Health Care Reform
FDR's New Deal and Lyndon Johnson's Great Society were early attempts for the United States government to play a broader role in creating more extensive social policies. More recently, when a recession pushed inflation to an all-time high, Ronald Reagan led a popular political campaign in which he pronounced that the federal government should have a smaller role in American society. He believed that socialism was an evil worth fighting. This sentiment undoubtedly caused the Clinton Presidency to fail when trying to enact a series of measures to reform Health Care. The debate has regained momentum with Obama who has enacted a health care reform bill known as the Affordable Care Act. Republicans who been vocal critics of the bill and have vowed to overturn in before its inception. This paper will introduce some of the economic mechanics that are responsible for fueling the debate.
Background on the Health Care Debate
Tens of millions of Americans are uninsured in regard to their health, many at least partly because of rising health care costs. It has been estimated that somewhere in the neighborhood of forty-five million Americans do not currently have health care insurance and many of these are children. These individuals...
For example, the leading driver of personal bankruptcies in the country is also due to overwhelming health care related financial burdens. Many families have lost their economic security by being burdened with illnesses that have treatments that are beyond what they are able to pay for.
Furthermore, many individuals seek treatment at emergency care centers because this is the only option available to them; which drives up the costs of health care for all health care consumers. This represents one aspect as to why the costs of health care have sky rocketed in the United States. When a patient seeks emergency care then the emergency room cannot deny care based on their financial ability to pay for these services. Therefore many of the bills that result in emergency treatment go unpaid. The hospitals or treatment centers are forced to absorb the costs of the uncollected revenues and these debts are offset by raising the rates for all health care consumers.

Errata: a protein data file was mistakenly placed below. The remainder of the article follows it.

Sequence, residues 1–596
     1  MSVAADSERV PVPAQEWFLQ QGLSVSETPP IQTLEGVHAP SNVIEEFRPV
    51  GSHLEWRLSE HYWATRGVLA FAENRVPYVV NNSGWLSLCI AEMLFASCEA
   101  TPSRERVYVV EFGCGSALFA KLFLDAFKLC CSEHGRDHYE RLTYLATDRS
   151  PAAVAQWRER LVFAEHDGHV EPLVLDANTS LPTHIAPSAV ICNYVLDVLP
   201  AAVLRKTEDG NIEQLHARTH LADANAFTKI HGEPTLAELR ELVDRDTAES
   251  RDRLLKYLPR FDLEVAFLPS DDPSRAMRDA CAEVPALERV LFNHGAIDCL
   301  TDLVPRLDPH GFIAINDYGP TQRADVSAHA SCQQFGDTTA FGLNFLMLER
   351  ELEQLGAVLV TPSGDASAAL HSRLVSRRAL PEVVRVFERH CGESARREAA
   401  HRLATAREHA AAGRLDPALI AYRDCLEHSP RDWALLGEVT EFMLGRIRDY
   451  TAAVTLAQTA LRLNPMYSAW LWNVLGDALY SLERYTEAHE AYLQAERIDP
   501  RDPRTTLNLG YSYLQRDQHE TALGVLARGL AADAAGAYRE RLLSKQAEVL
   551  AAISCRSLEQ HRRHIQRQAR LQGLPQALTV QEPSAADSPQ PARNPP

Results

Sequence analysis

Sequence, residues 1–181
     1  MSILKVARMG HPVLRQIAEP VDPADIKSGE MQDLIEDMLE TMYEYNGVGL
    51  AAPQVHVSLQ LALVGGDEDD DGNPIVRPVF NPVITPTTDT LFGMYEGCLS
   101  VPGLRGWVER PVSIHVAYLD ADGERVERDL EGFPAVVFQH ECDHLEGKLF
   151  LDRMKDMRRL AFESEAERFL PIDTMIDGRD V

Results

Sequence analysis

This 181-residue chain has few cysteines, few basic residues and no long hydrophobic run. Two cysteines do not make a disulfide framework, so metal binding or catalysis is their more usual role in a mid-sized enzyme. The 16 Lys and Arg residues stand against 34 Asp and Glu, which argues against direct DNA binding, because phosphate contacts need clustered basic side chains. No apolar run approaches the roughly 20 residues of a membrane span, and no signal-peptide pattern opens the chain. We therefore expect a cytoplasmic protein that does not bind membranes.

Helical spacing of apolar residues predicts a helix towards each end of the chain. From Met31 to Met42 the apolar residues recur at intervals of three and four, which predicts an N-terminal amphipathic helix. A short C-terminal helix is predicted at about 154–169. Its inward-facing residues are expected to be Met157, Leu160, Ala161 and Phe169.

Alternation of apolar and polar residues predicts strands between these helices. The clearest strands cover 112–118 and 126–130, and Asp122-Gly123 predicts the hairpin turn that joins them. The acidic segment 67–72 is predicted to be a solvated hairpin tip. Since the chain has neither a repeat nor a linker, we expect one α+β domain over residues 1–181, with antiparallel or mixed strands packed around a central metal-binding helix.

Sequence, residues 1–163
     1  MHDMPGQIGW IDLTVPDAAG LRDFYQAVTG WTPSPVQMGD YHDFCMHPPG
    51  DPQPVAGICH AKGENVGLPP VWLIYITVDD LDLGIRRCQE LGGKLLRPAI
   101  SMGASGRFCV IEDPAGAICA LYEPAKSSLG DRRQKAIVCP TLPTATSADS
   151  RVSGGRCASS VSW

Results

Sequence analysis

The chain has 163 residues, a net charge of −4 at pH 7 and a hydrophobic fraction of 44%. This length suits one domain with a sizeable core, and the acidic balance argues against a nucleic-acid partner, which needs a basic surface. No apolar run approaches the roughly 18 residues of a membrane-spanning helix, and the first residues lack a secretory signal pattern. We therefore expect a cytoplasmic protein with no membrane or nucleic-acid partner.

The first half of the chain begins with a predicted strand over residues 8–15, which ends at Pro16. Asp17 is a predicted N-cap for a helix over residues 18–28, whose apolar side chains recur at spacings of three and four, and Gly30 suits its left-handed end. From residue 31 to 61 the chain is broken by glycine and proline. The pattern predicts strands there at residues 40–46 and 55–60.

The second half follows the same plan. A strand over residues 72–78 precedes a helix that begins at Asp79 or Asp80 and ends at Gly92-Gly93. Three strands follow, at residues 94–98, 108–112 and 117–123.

Many of the cases that end up in emergency treatment centers could be treated in less expensive routes. Some of these patients forgo seeking preventive care or basic care for treatable conditions. Instead of treating this conditions when they are relatively inexpensive to treat, those without access to affordable care will allow the conditions to worsen. When the conditions worsen the treatments and the related health care costs rise substantially. Therefore, there is an economic inefficiency that is created by individuals not having access to care that has driven up the costs of the entire system while simultaneously provided a level of care for the public that is substandard when compared to other nations.
If the central government plays a role in this arena it can work to effectively mitigate…
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